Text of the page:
Thus, William K. Hale was just a symptom of the bigger tumor that was the U.S. government, believing the aforementioned aphorism by not looking into the epidemic of murdered Osage. The government brought the Osage into the new century by believing they were unable to handle their own monetary gain, passing laws that referred to them as “incompetent” and assigned each Osage person a white guardian to handle their pecuniary interests for them. David Grann’s endlessly insightful and compelling book goes into thorough detail on all of this. Scorsese’s film and the script he co-wrote with Eric Roth leaves most of those details lingering in the background, occasionally surfacing as when Mollie meets with the banker Pitts Beatty (Gene Jones), declaring herself as incompetent. Beatty, too, seems to be always lurking in the frame throughout the movie. In the meeting with Mollie, he’s front and center, but just behind him is the Ku Klux Klan image that also served as one of the promotional posters for D.W. Griffith’s racist Birth of a Nation (1915), a film still taught in film schools to this day for its supposed invention of film grammar, a claim that can easily be debunked; in another scene during a parade through Fairfax, he can be seen donning his Klan robes and leading the hooded figures; even in the court scenes at the end of the film, he’s a member of the jury. He’s the subtle symbol for white supremacy throughout this conspiracy, the evildoer with the government by his side.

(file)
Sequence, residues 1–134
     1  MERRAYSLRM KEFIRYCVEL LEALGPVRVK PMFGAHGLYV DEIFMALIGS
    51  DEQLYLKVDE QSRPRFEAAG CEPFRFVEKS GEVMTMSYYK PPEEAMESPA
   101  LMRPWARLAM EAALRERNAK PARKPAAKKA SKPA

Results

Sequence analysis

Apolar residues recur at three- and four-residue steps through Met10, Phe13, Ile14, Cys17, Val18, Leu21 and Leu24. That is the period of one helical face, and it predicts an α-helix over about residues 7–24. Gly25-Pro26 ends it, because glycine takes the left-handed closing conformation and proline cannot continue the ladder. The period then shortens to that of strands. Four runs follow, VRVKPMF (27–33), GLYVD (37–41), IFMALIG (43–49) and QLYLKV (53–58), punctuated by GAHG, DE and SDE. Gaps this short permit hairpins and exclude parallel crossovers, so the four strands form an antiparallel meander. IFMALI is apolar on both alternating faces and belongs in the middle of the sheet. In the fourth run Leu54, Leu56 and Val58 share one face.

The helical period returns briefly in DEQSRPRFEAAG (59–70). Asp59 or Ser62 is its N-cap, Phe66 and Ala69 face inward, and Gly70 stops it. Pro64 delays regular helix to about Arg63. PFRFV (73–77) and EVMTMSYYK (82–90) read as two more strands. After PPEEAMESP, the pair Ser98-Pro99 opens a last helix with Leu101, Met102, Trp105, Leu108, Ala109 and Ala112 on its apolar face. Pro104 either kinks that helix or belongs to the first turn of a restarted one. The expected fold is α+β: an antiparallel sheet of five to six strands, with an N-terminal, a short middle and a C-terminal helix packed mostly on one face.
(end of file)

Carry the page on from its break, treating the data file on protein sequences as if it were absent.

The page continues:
Soon after his arrival, Ernest meets Mollie one day in Fairfax. Working as a cab driver, he offers her a ride. When she accepts, he helps her to the old 1920s automobile (production design and rich period detail by the legendary Jack Fisk, first time working with Scorsese - as an extra on the film, it truly felt like I was walking through 1920s Fairfax, Oklahoma and wearing a costume from that era, I got to go back in time every day on that set). Kelsie Morrison (Louis Cancelmi, a welcoming presence in Scorsese’s late-career films), with his Osage wife, greets Ernest. Suddenly, in a neat addition by Scorsese and Roth, race cars of the era whiz by through the town. Kelsie says, “I got money on this” and runs to watch the race. Ernest, too, briefly leaves Mollie in his vehicle to cheer on the race. It’s a telling scene - almost every person that runs after the cars and cheers them on along with Ernest and Kelsie is a white man (including myself, by far the most fun scene I got to be in, sprinting in multiple takes). After a wide shot of the whole town, Scorsese cuts to a line of Osage people sitting on the sidewalk watching the commotion, disinterested and stationary. Later, when Ernest tells Hale about his connection with Mollie, Hale encourages it by mentioning Mollie’s headrights, dilating Ernest’s money bag pupils.